There was almost no way I wasn't going to enjoy Lost Cat. The latest Fantagraphics book from Norwegian cartoonist Jason, it was billed as a crime noir tale with a nod to Raymond Chandler's The Big Sleep. Essentially, this was one of my favorite cartoonists telling a story in one of my favorite genres. So while my enjoying it seemed almost assured, it ended up being more than I expected. A commentary on longing and isolation with a twist that should seem out of place yet somehow works perfectly, Lost Cat isn't just my favorite comic of 2013 so far, but it's now my favorite work by one of the greatest cartoonist working in comics today.
Since his quirky, moving, and massive Bottomless Belly Button made every person in the world's best books of 2008 list, cartoonist Dash Shaw has turned his attention to shorter forms and new media. The long-running webcomic Bodyworld, the short story collection The Unclothed Man in the 35th Century AD, and the IFC animated shorts of the same name have all been marked successes, but many readers, myself included, wondered how long it would be before Shaw cycled back around to a new original graphic novel.
New School, the artist’s first long-form OGN in five years, is now available from Fantagraphics Books, and it answers our wonder with its own. A hardbound, 340-page story of brotherhood, prophecy, and theme parks, New School is surreal, emotional, and delirious with color.
When Fantagraphics co-publisher Kim Thompson passed away earlier this week, the comics industry lost one of its leading advocates, greatest editors, and most important voices. Thompson edited and developed talent such as Chris Ware, Dan Clowes and Stan Sakai. Further, he worked tirelessly to edit, translate and publish the work of many extraordinary European cartoonists -- including Jason, Jacques Tardi, Guy Peelaert and more --whose creations the American audience likely never would have seen. Much of Thompson's output had a profound effect on of comics' current creators. As such, when word of his passing came out, there was a huge outpouring of love and admiration from editors, creators, and fans alike who owe so much to Thompson, a man whose efforts influenced so many.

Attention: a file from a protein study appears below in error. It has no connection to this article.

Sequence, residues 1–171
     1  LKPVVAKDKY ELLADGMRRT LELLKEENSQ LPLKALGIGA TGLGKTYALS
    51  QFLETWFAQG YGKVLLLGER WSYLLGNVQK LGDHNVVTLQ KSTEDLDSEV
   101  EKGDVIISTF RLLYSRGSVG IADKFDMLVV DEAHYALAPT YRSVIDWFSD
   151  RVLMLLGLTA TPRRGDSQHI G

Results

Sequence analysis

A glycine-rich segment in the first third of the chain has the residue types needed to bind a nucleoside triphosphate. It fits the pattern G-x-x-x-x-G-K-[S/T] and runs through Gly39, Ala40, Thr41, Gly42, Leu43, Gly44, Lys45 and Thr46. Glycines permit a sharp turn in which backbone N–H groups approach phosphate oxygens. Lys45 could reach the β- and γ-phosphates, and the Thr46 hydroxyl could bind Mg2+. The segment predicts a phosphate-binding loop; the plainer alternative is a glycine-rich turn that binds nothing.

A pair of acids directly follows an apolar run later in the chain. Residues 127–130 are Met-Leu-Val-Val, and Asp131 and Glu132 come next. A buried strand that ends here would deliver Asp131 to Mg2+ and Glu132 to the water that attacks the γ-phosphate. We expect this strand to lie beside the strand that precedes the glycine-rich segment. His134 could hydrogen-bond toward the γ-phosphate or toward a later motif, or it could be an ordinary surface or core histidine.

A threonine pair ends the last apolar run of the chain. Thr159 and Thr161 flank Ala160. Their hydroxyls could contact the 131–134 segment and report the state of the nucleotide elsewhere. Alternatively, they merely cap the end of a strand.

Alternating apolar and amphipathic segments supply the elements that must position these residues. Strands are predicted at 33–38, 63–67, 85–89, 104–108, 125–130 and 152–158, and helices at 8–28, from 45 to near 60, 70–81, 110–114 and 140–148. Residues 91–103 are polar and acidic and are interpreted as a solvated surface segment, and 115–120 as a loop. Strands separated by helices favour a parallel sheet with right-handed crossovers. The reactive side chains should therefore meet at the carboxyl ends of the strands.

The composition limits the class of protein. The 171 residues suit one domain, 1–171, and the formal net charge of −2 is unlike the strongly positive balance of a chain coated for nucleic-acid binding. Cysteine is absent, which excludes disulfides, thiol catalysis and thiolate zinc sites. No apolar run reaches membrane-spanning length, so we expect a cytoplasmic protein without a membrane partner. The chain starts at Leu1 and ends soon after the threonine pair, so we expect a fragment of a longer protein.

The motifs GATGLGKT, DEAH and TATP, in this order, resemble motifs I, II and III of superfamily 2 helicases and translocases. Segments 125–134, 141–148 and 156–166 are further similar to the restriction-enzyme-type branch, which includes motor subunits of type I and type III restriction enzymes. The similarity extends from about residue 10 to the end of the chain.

Kim Thompson, Co-Publisher of Fantagraphics and one of the most important editors in the comics industry over the last 30 years, passed away this morning due to complications from lung cancer. He was 56 years old. Over a career that spanned more than three decades, Thompson edited talent such as Chris Ware, Peter Bagge, Stan Sakai and Joe Sacco, and introduced the work of many legendary European cartoonists to the North American audience.
Fantagraphics Books has confirmed a September 2013 release date for Love And Rockets: The Covers, the eagerly anticipated and first ever full-color compilation of cover artwork from the legendary alt comics opus by Los Bros Hernandez.
One of the many lasting legacies from the 9-11 terrorists attacks will be the indefinite detention of suspected terrorists in the U.S. Military base in Guantanamo, Cuba. It is a moment in this country's history that will undoubtedly be discussed for decades to come, as we all recall these prisoners -- detained outside of the United States and not afforded due process under our judicial system -- and debate the moral issues behind their confinement
Late yesterday afternoon Fantagraphics released a statement on behalf of co-publisher Kim Thompson, revealing that the longtime editor has recently been diagnosed with lung cancer, and will be taking a leave of absence from his post. You can read the full statement
Jason is one of my favorite creators working in comics today. The Eisner, Harvey and Ignatz award winning Norwegian comic artist, whose work includes Hey, Wait..., Meow Baby!, I Killed Adolf Hitler and others, deftly uses sparse line work
At the height of his popularity, Michael Jordan was more than just an athlete. He was an icon, a cultural phenomenon the likes of which the world had never seen, and arguably the most recognizable human being on the planet. As such, there have been innumer
Moto Hagio's Heart of Thomas, recently translated and released by Fantagraphics, is my first proper introduction to the shounen-ai, or "boy's love," genre of manga. I have friends who are into yaoi and boy's love, and they have been remarkably generous with their time, knowledge, and gag gifts of yaoi versions of comics I like, but it isn't quite my thing. I generally like comics
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